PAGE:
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ARK files legal complaint against PEPCO for heavy metals discharges | Anacostia Riverkeeper

ARK files legal complaint against PEPCO for heavy metals discharges

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Anacostia Riverkeeper announced today a legal complaint filed against PEPCO for continuing violations of their NPDES permit, specifically as regards heavy metals.  We have been monitoring ongoing violations by PEPCO of their NPDES permits for several years now.  PEPCO has been under court order since 2011 to remediate past contamination.  As a result of our hard push last fall, EPA stepped in and began legal action against PEPCO.  We filed a motion to intervene with the EPA suit and were accepted by the court as an intervening party.

PEPCO’s extensive history of ongoing illegal discharges into the Anacostia River pose unacceptable risks of adverse health effects which threaten subsistence anglers, other recreational users, and wildlife, while severely delaying progress toward the clean up and restoration of this vital and historic watershed. District of Columbia and Maryland agencies have warned for years that local fishermen and their families should avoid regularly eating fish caught from the Anacostia River because of toxic pollutants that accumulate in the tissue of the fish. Despite the risks and warnings, an estimated 17,000 people knowingly eat fish taken from the Anacostia River each year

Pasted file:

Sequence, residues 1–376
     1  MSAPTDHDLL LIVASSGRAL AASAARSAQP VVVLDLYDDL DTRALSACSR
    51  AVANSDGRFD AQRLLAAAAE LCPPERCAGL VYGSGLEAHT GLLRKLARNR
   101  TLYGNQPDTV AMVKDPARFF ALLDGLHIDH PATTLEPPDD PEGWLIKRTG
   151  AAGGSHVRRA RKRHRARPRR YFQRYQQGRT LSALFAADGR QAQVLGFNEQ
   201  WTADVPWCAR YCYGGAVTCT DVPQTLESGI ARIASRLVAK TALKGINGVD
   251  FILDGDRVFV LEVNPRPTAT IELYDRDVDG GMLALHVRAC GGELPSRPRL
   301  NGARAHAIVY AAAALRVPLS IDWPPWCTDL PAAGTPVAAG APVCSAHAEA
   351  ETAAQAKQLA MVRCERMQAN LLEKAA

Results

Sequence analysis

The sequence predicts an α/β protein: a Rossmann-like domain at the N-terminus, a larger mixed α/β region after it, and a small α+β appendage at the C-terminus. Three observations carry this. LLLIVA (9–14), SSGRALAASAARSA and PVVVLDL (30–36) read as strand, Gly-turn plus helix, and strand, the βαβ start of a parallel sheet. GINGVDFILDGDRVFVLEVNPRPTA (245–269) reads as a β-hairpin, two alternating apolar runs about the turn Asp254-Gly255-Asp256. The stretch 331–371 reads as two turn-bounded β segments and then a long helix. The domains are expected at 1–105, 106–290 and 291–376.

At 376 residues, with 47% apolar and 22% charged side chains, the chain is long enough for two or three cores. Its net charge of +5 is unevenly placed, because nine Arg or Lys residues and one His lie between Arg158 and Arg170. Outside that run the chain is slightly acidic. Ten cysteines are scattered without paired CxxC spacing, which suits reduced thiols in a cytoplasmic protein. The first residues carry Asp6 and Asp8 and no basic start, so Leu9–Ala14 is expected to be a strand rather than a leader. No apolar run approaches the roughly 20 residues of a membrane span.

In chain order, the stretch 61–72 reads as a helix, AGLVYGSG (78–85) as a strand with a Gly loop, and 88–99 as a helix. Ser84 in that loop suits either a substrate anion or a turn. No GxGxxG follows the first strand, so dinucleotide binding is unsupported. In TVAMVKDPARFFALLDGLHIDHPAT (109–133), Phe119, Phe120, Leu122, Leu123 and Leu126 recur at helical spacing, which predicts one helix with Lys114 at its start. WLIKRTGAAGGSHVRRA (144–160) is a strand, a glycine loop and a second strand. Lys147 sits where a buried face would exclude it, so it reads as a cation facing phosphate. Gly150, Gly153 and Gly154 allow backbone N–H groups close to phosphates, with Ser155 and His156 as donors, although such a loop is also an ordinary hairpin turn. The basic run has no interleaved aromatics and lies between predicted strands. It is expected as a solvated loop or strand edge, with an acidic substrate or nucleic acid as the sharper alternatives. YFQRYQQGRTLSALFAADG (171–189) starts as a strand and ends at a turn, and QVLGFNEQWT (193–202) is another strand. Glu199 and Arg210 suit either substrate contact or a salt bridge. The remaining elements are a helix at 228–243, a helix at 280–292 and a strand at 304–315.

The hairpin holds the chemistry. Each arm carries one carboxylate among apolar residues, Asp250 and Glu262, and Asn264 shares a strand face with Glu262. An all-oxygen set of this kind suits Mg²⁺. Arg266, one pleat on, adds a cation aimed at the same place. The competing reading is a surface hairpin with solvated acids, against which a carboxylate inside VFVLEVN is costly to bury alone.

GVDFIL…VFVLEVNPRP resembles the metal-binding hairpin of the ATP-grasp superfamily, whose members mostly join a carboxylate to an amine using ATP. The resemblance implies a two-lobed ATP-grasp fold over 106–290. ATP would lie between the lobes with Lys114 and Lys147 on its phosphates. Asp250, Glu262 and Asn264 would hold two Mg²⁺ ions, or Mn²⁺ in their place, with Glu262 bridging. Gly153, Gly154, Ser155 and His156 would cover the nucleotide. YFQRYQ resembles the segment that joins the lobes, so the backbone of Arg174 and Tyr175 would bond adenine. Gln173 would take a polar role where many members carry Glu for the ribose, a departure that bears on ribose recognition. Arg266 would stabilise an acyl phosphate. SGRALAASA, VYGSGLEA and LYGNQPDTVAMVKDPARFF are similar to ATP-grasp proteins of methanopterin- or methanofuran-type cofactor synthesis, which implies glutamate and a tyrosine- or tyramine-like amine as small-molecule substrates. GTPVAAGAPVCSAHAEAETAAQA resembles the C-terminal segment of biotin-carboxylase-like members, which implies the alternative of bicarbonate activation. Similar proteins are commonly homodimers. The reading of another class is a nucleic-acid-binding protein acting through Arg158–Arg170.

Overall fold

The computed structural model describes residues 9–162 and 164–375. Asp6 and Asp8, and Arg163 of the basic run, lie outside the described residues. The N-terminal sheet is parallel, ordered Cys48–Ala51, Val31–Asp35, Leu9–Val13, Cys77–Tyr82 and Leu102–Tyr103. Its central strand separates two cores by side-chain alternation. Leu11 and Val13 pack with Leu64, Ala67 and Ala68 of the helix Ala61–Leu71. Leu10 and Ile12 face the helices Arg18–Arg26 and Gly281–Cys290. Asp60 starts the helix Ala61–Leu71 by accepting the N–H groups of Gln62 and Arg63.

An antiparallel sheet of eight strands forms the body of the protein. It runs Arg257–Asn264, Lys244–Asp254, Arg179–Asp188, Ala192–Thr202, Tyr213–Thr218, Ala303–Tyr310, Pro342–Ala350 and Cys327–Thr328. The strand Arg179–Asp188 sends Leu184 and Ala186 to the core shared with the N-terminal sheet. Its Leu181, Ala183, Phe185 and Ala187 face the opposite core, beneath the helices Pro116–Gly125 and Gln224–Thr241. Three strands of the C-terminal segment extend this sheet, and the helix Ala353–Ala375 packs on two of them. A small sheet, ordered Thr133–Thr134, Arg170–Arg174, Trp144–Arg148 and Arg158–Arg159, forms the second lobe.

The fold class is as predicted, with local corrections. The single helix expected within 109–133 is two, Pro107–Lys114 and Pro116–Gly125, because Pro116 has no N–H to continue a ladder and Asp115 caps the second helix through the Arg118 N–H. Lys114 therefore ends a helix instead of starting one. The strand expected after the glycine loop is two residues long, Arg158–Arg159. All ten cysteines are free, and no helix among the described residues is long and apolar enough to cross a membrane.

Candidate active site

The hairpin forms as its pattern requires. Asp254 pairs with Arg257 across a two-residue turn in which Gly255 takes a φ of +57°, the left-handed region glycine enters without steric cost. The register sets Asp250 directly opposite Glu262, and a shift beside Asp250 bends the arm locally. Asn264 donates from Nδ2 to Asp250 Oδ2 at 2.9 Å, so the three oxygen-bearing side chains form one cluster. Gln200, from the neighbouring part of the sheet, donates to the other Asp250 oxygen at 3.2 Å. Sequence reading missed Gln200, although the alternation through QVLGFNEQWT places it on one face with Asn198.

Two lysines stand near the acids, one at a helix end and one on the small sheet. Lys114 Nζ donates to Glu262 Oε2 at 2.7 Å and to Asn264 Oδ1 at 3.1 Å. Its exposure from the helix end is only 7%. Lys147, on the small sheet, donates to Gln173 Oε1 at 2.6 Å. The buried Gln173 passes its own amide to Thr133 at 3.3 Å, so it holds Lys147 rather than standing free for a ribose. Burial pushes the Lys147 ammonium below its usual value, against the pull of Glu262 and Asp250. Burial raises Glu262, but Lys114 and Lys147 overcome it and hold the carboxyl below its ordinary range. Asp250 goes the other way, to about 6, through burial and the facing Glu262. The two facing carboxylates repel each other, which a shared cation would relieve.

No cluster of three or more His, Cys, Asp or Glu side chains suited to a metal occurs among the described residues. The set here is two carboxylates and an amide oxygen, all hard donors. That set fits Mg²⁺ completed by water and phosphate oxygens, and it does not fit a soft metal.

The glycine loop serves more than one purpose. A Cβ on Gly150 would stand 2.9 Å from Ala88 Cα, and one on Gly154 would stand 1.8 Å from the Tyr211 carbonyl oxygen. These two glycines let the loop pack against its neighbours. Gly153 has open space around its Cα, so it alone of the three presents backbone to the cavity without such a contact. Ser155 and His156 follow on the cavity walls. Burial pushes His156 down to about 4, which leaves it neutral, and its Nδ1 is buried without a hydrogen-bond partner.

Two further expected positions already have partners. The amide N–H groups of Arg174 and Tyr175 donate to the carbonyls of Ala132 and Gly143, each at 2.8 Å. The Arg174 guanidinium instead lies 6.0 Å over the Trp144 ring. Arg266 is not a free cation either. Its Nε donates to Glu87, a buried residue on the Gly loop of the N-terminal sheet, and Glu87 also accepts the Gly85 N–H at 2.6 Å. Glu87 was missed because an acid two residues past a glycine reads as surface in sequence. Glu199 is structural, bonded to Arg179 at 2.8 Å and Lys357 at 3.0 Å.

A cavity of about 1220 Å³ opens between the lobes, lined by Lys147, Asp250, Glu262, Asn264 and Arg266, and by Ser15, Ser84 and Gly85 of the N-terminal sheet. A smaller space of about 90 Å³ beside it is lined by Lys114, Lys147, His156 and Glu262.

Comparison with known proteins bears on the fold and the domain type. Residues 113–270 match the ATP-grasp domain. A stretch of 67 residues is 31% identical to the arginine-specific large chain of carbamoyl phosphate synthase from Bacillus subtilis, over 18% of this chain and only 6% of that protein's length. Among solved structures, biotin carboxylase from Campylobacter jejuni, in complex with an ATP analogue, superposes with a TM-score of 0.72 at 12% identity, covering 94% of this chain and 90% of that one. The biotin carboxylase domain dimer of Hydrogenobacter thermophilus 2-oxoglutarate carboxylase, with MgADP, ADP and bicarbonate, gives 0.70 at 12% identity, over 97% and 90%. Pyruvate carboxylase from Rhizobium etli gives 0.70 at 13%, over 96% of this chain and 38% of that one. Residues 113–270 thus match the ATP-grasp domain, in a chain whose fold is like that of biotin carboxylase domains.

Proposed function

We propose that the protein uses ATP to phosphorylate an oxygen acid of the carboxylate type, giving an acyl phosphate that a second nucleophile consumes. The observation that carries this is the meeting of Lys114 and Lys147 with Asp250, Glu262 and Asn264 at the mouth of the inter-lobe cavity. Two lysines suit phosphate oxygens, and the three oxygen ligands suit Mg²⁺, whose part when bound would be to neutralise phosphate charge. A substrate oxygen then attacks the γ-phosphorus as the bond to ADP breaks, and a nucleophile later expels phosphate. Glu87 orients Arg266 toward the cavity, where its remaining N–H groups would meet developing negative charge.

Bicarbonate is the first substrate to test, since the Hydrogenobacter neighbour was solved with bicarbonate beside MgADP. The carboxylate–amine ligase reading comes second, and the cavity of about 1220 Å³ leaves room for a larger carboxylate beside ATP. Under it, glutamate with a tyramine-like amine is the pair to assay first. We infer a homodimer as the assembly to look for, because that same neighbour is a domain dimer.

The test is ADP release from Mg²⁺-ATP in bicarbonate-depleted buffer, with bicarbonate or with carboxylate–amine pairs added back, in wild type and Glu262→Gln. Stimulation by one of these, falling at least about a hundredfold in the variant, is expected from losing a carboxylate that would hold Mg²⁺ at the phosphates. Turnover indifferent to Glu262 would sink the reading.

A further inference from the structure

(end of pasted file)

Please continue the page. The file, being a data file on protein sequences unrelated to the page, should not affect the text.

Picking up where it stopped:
The toxic legacy of the Anacostia River directly and adversely impacts wildlife sustained by the river.  The celebrated bald eagles currently nesting in the National Arboretum, and another pair at the Police Academy, rely on fish caught from the Anacostia to feed their young.  The most recent DOEE Fish Advisory cautions us not to consume more than 2 pounds per month of any fish caught in the Anacostia River, including no more than 1.5 pounds of catfish per adult/per month.  The advisory is even stricter for human children under the age of 6: no more than 6 ounces per month of any fish from the Anacostia River.

The return of the bald eagles to the Anacostia watershed is a testament to the beginning of their repopulation across the United States since the ban of DDT and it is our hope that efforts currently underway to remediate the river are improved and moved up, not hampered by continued pollution that delay and threaten the restoration of this vital habitat for the benefit of wildlife and humans alike.